We’re Open: Strictly By Appointment Only. No Walk Ins Please! IV’s, Blood Draws, Patient Visits and Supplements Available.

Happy February !

 

Heart Awareness Month

 

February is American Heart Month, a time when all people can focus on their cardiovascular health. Taking time to care for your heart can be challenging as you go about daily life. But it’s easier than you think to show your heart the love it deserves each day. Small acts of self-care, like taking walks, getting quality sleep, and cooking healthy meals, help your heart.

Heart-healthy living involves understanding your risk, making healthy choices, and taking steps to reduce your chances of getting heart disease, including coronary heart disease, the most common type. By taking preventive measures, you can lower your risk of developing heart disease that could lead to a heart attack. You can also improve your overall health and well-being.

Consider making one, or several, of the below lifestyle changes. Here’s how to start:

1.- Move more

°Get at least 2½ hours of physical activity each week—that’s just 30 minutes a day, 5 days a week.

°Can’t carve out a lot of time in your day? Don’t chuck your goal, chunk it! Try 5, 10, or 15 minutes a few times a day. Some physical activity is better than none.

2.- Eat healthy foods

°A healthy diet that is low in sodium and saturated fat is key to heart disease prevention.

°Such as eating vegetables, fruits, whole grains, vegetable oils, and fat-free or low-fat dairy products.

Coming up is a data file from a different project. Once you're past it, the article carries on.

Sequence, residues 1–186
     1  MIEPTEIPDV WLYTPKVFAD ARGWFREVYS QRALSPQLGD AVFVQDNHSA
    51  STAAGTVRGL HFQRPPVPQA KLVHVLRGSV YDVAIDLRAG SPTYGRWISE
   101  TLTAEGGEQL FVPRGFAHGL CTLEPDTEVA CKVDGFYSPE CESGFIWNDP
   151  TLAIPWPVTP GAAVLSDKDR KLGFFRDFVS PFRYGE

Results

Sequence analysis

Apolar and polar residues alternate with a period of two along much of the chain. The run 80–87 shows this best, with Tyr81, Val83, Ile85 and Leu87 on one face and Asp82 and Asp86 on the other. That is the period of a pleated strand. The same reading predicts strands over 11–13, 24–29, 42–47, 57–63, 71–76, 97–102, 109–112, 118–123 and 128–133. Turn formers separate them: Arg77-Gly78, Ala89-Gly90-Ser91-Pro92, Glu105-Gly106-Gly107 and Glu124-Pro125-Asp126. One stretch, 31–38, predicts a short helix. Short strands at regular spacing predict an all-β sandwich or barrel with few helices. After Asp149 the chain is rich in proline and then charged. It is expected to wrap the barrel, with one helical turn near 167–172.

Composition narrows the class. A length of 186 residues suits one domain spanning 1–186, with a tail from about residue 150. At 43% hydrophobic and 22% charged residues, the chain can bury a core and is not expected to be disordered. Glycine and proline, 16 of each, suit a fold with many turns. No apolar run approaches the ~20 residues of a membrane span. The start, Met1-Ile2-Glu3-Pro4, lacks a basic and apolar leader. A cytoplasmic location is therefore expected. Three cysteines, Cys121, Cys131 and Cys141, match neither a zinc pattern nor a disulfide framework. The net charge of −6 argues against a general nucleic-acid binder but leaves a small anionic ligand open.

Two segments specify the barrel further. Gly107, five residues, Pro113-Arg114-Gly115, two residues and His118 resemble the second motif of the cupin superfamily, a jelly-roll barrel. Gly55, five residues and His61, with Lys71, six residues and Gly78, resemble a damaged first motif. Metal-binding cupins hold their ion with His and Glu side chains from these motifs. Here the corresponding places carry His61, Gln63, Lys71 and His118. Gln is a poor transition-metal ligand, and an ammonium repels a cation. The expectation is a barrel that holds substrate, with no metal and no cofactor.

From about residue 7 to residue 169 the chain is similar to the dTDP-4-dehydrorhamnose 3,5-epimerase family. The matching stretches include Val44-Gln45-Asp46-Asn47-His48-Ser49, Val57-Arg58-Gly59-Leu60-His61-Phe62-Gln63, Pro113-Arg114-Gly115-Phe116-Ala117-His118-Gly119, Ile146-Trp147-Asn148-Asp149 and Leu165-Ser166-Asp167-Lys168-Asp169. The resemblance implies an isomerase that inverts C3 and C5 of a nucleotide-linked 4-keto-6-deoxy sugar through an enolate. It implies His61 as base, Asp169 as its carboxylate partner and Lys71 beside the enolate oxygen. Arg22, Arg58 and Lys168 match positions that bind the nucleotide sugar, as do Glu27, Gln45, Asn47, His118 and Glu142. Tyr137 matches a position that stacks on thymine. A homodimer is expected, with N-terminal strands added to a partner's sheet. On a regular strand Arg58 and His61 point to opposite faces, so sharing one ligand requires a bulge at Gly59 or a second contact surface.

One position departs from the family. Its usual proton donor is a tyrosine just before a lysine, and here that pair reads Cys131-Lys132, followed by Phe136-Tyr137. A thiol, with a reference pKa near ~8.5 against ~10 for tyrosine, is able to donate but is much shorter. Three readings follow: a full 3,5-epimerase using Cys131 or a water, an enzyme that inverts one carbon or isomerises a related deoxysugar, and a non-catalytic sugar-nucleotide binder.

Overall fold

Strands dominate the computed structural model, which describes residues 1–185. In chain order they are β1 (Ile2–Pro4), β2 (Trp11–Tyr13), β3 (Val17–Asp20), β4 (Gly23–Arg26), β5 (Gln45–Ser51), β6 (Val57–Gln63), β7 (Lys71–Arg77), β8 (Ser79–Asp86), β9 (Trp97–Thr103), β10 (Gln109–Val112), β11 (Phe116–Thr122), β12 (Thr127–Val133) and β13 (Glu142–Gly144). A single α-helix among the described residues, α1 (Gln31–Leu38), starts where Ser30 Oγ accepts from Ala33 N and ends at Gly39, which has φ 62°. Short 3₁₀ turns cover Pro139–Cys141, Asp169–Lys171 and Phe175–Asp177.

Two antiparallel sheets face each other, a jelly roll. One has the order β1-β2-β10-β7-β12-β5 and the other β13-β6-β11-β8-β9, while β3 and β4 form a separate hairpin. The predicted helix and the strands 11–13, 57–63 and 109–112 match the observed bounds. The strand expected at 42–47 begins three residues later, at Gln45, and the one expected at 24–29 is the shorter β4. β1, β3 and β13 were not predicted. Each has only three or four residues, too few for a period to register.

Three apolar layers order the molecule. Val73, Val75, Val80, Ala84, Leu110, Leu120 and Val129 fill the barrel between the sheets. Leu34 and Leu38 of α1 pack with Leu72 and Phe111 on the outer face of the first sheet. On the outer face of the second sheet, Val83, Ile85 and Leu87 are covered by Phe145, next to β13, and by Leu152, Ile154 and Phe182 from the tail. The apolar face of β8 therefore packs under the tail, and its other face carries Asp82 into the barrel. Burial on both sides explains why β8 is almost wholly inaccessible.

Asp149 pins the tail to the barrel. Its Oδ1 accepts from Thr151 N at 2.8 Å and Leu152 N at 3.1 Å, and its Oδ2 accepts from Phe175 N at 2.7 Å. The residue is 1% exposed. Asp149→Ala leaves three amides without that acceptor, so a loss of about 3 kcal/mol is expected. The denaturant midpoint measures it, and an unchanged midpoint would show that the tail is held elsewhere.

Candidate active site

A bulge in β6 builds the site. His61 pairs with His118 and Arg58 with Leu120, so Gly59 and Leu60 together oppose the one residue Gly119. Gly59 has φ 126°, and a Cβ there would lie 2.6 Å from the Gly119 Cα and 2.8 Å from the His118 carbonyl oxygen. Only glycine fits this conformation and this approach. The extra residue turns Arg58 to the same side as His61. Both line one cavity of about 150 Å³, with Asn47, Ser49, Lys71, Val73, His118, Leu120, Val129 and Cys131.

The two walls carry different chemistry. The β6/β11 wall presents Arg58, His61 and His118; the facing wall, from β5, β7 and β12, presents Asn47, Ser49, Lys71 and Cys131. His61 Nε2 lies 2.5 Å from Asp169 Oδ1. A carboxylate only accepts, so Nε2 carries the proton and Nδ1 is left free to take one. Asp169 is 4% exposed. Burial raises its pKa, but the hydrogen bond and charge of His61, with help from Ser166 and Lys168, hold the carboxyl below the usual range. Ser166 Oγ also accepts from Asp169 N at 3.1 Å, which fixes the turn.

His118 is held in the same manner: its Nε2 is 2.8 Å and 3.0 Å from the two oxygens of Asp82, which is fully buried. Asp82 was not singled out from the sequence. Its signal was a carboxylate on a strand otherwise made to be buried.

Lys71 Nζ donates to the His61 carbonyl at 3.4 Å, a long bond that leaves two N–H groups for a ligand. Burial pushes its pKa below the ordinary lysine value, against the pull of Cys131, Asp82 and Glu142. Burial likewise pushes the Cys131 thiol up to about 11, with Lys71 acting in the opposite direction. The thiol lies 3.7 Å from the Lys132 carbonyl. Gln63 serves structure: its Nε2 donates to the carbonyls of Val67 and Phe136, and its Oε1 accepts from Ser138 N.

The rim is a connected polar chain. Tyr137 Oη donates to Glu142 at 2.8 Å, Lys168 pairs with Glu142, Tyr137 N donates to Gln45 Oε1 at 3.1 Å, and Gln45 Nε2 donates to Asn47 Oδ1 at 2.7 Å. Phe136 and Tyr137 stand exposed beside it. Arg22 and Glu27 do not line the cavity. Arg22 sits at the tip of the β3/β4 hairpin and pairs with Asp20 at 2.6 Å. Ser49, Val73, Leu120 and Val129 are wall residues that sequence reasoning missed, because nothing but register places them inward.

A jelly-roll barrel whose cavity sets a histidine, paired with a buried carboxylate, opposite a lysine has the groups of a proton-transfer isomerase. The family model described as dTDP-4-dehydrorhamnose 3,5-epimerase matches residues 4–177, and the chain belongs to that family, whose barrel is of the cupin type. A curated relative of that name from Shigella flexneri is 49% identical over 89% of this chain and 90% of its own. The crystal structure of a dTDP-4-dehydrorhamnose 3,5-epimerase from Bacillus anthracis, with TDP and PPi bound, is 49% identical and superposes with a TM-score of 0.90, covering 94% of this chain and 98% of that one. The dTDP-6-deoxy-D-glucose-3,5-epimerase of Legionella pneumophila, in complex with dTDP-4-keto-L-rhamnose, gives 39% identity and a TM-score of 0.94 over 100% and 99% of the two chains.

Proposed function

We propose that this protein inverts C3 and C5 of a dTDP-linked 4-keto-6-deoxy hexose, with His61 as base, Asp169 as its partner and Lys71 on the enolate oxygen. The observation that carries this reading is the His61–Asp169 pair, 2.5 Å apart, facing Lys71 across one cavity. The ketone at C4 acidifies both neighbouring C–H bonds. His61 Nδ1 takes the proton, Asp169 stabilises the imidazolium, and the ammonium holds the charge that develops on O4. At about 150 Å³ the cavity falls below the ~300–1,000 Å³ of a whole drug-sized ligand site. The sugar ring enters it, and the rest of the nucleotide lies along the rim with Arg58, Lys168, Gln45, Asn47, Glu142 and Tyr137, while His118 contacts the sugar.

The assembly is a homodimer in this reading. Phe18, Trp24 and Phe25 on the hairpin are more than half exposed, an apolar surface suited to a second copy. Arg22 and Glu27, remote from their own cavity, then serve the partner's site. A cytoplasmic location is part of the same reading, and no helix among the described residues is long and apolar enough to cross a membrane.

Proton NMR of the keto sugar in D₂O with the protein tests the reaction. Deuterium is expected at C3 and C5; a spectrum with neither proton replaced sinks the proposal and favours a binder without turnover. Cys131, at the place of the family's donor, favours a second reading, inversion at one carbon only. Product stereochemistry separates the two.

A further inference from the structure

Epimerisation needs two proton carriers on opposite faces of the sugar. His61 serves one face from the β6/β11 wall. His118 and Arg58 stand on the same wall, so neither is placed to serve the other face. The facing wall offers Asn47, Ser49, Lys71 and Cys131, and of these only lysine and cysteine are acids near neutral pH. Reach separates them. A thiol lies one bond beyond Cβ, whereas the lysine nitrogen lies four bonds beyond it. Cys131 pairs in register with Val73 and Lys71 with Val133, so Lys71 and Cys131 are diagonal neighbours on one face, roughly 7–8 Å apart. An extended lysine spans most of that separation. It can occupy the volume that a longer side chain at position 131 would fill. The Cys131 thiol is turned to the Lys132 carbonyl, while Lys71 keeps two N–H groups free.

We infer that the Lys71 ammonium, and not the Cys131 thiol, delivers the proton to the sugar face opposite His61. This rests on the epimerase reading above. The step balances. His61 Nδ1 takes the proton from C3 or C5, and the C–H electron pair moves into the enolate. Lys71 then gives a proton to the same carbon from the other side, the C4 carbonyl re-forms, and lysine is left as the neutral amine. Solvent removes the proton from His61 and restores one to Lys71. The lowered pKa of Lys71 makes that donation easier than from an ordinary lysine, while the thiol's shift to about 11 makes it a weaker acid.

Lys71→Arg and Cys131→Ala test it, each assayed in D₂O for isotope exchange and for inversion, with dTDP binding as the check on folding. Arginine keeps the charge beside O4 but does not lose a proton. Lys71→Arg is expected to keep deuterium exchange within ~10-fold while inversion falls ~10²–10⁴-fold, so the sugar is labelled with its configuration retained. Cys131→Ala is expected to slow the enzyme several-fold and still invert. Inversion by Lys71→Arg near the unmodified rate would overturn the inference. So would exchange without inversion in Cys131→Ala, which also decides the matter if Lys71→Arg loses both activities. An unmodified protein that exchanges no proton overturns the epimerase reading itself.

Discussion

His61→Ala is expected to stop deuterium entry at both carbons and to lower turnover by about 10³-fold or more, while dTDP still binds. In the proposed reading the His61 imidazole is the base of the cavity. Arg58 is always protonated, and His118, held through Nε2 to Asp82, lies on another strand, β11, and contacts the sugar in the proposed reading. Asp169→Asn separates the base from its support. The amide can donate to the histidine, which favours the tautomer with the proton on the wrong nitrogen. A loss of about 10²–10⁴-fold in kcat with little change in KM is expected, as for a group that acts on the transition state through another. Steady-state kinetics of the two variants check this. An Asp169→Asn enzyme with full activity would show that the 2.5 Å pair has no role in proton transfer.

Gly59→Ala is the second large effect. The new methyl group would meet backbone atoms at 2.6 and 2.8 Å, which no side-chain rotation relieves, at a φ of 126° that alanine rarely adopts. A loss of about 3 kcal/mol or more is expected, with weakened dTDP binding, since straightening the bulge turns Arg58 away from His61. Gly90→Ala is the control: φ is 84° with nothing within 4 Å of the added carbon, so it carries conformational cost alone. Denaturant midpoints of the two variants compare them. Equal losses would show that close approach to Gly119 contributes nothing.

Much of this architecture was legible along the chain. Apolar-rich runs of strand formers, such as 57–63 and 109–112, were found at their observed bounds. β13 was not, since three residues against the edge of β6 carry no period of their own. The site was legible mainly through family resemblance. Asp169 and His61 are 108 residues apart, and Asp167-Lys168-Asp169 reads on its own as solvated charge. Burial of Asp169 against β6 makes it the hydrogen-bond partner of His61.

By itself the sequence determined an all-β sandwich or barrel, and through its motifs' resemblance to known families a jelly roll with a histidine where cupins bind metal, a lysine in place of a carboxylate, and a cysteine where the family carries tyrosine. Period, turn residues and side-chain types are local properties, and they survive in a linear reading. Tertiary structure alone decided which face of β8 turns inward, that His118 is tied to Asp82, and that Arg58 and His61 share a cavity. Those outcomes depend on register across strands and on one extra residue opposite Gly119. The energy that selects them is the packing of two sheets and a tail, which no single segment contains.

°Limiting foods sugar and other sweeteners.

3.- Aim for a healthy weight

°Being overweight is hard on your heart. It increases your risk of having heart disease, a stroke, high cholesterol, high blood pressure, and diabetes.

°Choosing heart-healthy foods and getting regular exercise will help you achieve and maintain a healthy weight.

4.- Quit smoking

°The chemicals in tobacco smoke harm your heart and blood vessels in many ways.

°Quitting is hard, but many people have succeeded, and you can too. Ask your family and friends for support in your effort

5.- Reduce stress and improve sleep

°Stress can contribute to high blood pressure and other heart risks.

°Not getting enough sleep or regularly getting poor quality sleep increases the risk of having high blood pressure, heart disease, and other medical conditions. Aim for 7–8 hours of sleep a night.

6.- Know your numbers

Meet your heart health goals by keeping track of how much you exercise, your blood pressure, your cholesterol numbers—all of which can impact your heart health—and tell your doctor how you’re doing.

 

Read More

 


Black History Month

February is Black History Month in USA and Canada.

Black History Month got its start in 1926 when Dr. Carter G. Woodson, an African American, promoted Negro History Week in February.

The time was selected because it included the birthdays of Frederick Douglass and Abraham Lincoln which had been notable dates for the black community since the start of the twentieth century.

Also known as African-American History Month, it was first observed by students and faculty at Kent State University in 1970.

In 1976 it evolved into a month-long celebration and became a national holiday when President Gerald Ford recognized “the too-often neglected accomplishments of black Americans in every area of endeavor throughout our history” in a speech to mark the United States Bicentennial.

Since then, U.S. presidents have proclaimed February as National Black History Month.

It is a time for all Americans to reflect on both the history and teachings of African Americans and to focus on the progress, richness, and diversity of African American achievements.

Black History Month has no overall coordinating body – anybody can organize an event. Consequently, every year sees an eclectic mix – from historical walks to seminars – organized by, for example, local authorities, schools, and voluntary organizations.

Today Black History Month is celebrated not only in the US but around the globe by five different countries.

Read More